She raised her arms, turned, and met my eyes. My normally timid ten-year-old held her own under pressure. Exhausted but elated, she pulled herself to her feet and trotted back to midfield. There was a little swagger in her step. And moment by moment she's not just becoming who she is going to be passively, she's believing in that person as well.
Our world is full of a constant stream of feedback and we have choices. Internalize the feedback, disregard it, learn something from it, or ignore it completely. There is a time for all of those responses. The difficulty is finding the right response amid all then noise that comes along with it. The nearly impossible is retaining the self that exists at the center of it all without losing your way.
Whether it's an airbrushed model in a magazine, a mean kid at school, or even someone who they thought loved them deeply, I want them to remain strong and clear-minded when the feedback arrives. Don't change for the wrong reasons, don't listen to the negativity when it's not productive, don't assume that you know everything, but recognize that you don't have to always believe the noise. I want them to protect the things that they hold dear, that they know to be true. Right and wrong isn't the same as truth and perception.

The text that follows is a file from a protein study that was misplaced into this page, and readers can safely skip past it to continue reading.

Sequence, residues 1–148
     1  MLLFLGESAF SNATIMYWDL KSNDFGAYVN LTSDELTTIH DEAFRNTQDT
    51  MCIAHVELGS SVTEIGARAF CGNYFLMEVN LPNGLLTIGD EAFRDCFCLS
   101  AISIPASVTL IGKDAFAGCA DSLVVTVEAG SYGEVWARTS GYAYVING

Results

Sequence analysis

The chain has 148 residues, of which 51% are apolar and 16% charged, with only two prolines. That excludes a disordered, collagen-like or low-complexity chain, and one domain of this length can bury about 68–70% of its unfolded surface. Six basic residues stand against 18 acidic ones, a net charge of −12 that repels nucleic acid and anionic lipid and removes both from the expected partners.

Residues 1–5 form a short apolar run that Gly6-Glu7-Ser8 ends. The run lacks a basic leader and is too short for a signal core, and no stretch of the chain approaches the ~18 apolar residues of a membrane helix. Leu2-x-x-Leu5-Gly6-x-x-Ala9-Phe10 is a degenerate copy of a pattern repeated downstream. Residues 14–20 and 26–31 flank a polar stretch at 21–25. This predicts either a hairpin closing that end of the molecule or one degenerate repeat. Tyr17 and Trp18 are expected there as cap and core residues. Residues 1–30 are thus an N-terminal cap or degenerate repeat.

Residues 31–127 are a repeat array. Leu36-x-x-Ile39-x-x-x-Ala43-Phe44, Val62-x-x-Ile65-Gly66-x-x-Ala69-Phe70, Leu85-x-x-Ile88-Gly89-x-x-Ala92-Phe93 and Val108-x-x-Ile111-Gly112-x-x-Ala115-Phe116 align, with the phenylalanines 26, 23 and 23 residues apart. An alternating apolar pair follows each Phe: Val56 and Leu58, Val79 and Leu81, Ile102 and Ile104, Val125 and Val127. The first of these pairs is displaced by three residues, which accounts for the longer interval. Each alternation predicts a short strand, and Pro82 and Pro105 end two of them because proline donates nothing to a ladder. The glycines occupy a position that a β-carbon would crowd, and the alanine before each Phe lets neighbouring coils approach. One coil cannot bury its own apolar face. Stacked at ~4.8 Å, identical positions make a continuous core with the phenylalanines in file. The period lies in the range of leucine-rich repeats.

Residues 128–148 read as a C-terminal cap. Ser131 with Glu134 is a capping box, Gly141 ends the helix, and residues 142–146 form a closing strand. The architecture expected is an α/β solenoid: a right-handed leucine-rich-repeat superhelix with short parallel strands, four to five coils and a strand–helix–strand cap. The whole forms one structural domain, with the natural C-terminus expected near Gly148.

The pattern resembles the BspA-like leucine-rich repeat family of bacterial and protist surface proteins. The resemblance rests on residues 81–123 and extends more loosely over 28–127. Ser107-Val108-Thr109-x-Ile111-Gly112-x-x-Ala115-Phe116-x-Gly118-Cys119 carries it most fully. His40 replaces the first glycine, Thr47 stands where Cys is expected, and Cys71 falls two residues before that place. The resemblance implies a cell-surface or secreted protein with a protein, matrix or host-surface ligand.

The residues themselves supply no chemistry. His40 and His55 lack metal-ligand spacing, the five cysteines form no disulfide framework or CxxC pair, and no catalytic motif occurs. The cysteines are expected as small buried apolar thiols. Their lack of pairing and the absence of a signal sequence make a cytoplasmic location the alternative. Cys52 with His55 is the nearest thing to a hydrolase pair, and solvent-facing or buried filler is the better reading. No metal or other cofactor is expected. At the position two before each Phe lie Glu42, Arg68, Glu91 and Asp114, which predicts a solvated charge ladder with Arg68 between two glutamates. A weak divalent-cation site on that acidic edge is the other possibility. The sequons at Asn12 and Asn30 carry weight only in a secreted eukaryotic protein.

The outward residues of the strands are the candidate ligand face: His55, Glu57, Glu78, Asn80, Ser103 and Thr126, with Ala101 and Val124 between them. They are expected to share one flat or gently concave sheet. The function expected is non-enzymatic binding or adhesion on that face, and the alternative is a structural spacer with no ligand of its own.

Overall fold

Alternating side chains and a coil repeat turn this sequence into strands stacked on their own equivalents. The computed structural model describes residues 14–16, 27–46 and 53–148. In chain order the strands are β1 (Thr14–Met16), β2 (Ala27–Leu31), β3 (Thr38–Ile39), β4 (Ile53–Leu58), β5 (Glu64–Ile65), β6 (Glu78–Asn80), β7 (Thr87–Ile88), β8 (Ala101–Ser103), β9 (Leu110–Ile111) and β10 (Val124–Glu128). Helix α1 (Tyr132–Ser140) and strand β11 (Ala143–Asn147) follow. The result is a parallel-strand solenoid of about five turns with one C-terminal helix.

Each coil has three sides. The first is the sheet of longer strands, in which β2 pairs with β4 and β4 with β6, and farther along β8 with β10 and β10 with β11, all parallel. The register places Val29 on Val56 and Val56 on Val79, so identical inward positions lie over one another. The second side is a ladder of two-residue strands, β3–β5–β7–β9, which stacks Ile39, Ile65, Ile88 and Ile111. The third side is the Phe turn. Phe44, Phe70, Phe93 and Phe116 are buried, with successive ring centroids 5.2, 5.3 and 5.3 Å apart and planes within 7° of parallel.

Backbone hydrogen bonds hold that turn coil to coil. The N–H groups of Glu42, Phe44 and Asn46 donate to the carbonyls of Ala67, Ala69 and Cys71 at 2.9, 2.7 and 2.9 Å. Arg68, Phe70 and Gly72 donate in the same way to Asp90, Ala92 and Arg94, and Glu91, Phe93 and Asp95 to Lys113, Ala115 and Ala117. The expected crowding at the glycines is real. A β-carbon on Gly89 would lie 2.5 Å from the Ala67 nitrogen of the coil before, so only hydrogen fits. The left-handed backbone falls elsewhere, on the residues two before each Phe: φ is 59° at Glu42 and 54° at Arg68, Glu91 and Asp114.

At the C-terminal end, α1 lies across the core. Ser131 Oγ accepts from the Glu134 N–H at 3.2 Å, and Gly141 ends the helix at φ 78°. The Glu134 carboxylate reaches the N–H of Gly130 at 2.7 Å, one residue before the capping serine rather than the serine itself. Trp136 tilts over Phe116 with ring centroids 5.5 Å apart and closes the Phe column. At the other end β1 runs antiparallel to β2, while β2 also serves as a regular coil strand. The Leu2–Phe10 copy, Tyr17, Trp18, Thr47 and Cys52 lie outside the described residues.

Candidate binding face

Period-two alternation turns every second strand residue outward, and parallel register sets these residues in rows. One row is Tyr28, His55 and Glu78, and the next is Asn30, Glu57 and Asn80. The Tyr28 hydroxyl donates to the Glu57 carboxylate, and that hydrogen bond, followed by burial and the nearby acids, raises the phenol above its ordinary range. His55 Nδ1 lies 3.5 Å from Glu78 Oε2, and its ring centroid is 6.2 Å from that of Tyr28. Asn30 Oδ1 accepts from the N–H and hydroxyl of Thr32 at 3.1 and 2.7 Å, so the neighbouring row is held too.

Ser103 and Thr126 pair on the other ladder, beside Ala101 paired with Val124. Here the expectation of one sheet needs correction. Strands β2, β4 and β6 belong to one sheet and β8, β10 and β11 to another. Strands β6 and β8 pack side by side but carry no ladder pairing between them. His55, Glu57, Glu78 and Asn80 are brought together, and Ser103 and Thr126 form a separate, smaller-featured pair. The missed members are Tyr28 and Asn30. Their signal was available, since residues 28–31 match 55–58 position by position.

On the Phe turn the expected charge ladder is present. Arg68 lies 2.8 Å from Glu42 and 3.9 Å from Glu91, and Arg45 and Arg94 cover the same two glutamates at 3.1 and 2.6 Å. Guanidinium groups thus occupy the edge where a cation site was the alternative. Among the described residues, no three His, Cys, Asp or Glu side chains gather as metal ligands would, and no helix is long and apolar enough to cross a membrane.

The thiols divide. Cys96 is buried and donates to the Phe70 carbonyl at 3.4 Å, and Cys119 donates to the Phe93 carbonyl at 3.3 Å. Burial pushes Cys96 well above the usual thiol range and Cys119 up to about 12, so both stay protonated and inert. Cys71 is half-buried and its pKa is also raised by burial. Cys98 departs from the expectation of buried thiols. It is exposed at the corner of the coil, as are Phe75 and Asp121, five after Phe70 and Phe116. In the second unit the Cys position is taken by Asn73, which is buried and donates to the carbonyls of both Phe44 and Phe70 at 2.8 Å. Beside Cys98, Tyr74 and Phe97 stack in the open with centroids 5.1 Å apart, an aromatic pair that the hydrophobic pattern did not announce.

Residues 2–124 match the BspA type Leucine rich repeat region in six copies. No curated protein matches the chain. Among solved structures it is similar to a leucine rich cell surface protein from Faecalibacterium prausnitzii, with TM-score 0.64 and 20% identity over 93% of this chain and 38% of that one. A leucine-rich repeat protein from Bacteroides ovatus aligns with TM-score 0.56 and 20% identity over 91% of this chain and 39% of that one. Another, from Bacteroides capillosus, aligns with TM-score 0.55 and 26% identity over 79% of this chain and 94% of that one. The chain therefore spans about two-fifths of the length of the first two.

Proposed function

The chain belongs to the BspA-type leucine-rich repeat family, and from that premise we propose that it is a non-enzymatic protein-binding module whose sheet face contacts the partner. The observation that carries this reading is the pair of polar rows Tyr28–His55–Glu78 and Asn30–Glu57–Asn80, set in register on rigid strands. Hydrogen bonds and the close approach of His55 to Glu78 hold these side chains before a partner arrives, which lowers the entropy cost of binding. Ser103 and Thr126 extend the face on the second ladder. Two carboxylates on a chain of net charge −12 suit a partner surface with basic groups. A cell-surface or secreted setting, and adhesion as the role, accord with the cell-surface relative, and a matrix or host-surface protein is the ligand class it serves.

I want them to always strive to be better, every day. Not assume that they have arrived at their full potential, but not to assume immediately that they are not good enough as they are. We're all works in progress. I see their goodness, their beauty, their generosity and their strength. They need to see it too. Belief in the core, awareness of self drives what they do when they are out in the world.
So, hold your own. The rest will come.